It’s difficult to standout on Facebook at the best of times, and with more video content than ever being uploaded to the social network, decent exposure is getting harder. As a platform it can handle virtually any length of video (under 240 minutes), offers live streaming options, and can support the regular 16:9 video aspect ratio, as well as square or vertical videos. However, it can only handle 1080p or lower resolutions. Facebook videos autoplay in people’s feeds until users activate the sound. The feed is both a blessing and a curse, as it prompts passive discovery of your content, but, being in a feed full of content, rarely results in content longer than a few seconds being watched all the way through.
The star of the Instagram right now is its popular Stories format, which was mentioned earlier. The other option is IGTV which, after a rough launch, has broadened the formats of video it accepts (no longer exclusively vertical video). IGTV will accept up to 15 minute long videos when uploading from a mobile device, and 60 minutes when uploading from the web. Videos must be MP4 format. And they’ll now appear as autoplaying videos in people’s feeds when they’re released, and on your Instagram profile, although only the first 30 seconds will play, and then prompt users to watch the rest in the IGTV part of the app.
Twitter is similar to Facebook in that it can handle most formats and aspect ratios. However, it will only accept videos up to 30 seconds in length. You can get around this and upload videos up to 10 minutes long if you go through the ad platform (which is free unless you want to promote the video). Twitter videos autoplay, so consider the same kinds of things we’ve mentioned previously to stop scrolling users in their tracks. As a platform, Twitter is all about immediacy, so videos that are relevant to the current conversation will perform the best.
4. Building a video production workflow
Assuming this is your first time putting together a video marketing strategy, this will be the first time your business will be putting resources into video production, which can involve some serious investment depending on the type of content you’re wanting to create.
An efficient video workflow is important when it comes to defining what you need and estimating how long and how many resources it will take to get things created.
Now that you know your objectives, who you’re trying to reach, and what platforms you need to be on, it’s time to decide what video formats your videos will be in. Will you be creating a series of live streams, with just one person talking to the camera, and interacting with the audience? Is it an explainer video, requiring graphics, and animation? Each video format will require a different level of investment.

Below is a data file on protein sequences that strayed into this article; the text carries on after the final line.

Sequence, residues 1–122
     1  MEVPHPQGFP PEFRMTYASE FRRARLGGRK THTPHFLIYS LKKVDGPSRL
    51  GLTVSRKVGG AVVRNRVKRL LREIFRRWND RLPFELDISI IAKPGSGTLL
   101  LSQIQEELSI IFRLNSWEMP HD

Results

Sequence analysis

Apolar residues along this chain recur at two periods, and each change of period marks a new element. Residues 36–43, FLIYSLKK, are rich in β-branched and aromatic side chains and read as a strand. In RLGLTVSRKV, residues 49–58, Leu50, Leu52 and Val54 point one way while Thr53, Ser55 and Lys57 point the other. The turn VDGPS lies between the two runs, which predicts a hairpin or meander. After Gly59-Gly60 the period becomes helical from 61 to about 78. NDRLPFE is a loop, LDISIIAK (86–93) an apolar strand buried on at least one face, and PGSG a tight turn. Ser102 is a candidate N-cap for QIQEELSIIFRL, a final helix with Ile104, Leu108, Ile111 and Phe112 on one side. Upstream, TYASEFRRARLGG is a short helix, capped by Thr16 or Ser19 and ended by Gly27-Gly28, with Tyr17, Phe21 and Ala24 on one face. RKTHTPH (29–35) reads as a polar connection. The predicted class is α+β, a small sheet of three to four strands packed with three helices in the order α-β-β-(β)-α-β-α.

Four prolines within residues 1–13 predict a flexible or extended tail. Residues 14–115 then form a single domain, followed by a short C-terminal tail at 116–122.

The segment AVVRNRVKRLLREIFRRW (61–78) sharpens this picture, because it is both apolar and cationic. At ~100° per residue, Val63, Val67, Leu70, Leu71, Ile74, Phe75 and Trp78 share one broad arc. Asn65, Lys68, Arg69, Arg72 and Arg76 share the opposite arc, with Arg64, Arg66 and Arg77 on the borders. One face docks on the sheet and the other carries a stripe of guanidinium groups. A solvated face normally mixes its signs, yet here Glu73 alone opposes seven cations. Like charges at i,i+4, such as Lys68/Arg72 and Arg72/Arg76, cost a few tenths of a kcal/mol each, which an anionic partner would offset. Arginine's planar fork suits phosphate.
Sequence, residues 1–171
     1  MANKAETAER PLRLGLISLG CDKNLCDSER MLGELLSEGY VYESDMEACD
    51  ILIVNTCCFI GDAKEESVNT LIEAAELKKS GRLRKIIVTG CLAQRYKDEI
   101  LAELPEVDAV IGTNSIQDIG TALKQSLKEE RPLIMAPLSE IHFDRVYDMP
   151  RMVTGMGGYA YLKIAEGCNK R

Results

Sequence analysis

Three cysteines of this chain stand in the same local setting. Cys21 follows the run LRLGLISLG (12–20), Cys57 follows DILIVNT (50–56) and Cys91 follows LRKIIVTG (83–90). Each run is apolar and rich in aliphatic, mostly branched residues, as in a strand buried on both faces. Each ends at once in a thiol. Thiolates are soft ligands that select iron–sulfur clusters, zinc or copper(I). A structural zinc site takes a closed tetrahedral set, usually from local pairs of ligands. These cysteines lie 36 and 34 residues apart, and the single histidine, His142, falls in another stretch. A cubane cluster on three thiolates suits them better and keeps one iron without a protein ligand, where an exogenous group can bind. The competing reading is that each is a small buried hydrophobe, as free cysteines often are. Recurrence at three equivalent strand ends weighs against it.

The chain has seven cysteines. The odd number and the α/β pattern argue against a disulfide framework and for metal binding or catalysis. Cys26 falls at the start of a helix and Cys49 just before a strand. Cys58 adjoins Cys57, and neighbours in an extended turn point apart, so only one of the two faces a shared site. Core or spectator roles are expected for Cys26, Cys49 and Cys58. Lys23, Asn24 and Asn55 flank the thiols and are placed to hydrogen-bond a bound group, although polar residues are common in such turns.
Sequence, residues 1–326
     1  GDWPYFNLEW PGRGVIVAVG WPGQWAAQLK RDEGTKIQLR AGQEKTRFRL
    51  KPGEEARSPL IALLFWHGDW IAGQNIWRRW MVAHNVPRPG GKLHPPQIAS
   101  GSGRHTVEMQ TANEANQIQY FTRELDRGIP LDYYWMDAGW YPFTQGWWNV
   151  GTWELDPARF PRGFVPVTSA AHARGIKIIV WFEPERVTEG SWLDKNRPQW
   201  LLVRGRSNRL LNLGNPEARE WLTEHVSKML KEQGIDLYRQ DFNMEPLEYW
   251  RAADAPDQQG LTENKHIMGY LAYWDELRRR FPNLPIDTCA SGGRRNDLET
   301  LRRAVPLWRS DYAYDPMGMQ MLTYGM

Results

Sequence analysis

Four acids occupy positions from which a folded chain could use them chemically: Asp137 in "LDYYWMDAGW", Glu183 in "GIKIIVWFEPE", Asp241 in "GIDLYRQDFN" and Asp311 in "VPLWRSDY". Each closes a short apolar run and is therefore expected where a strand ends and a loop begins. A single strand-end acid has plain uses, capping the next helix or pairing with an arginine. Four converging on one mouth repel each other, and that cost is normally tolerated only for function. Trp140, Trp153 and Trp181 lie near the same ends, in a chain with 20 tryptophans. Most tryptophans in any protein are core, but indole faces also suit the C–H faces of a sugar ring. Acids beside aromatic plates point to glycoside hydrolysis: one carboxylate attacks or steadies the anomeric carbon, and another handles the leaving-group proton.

5. Measure and learn
Once the planning is done, and your videos have been created and uploaded, it’s time to measure and report on their performance, to conclude how they’re contributing to your strategy.
Here are the main video metrics to keep an eye on:
Platforms like Facebook, and YouTube place a lot of value on how long people watch your videos for. Pay attention to the structure of your content, and ensure you’re hooking people in efficiently at the beginning, and maintaining their attention throughout. Consider whether you need to provide them with incentives to keep watching in the future.
It’s the most vain of metrics, but it still counts. The algorithms of these sites pay attention to the amount of views a video has. Optimizing your videos correctly, sharing links to them on social media, in emails, and in newsletters can drive traffic to them, and help build momentum around them early on. The earlier you can give them exposure, the better, as each platform values relevant, and popular content.
Comments, likes, and shares indicate how your content has resonated with viewers. Reactions – good or bad – are better than no reactions at all. This doesn’t mean making your content unnecessarily extreme. But it does mean the content needs to be compelling enough to start a conversation around it.
Since this is video marketing, most of your videos – regardless of where you share them – will be linking, or driving people back to your website, or product page in some way. Measuring the click-through-rate – the amount of times a user has clicked on these links – is therefore an important metric to monitor.
You’ve measured your click-through-rate, now how many of those clicks converted into a sale. Whether it’s a product, or subscription you’re driving your audience to, using tools like Google Analytics, or Tableau, allows you to see where people have come to your product pages from, and how many of them made a purchase. This metric is key when calculating the direct ROI from your video content.
Formalize and refine
The most important point to make in light of all of these tips is that they make up a framework that can stay the same, or be adjusted at any time. Broadly, defining your objectives, finding your audience, determining your budget, building a process, and measuring and learning are the considerations that guide you creating your strategy. These will not change. But the specifics that come out of these broader requirements can and will. What “works” today in the rapidly changing field of video marketing, may not work tomorrow.
So, be aware of your goals, and be open to changing, and adjusting them when necessary. Don’t be afraid to apply your learnings when supported by data, and leave enough room for experimentation, especially if you’re interested in keeping up with new trends.
A sustainable video marketing strategy
These 5 steps are a guide to help you realise your business’ video marketing strategy. They should set you up to identify the specifics of it, and the broader goals of it, hopefully leaving you with something robust enough to get the resources you need and see success, and agile enough to take you long into the future. Mixed with your intelligence as a marketing professional, our video marketing guide should put you on the fast track to getting your video operation up and running, and seeing success, quickly.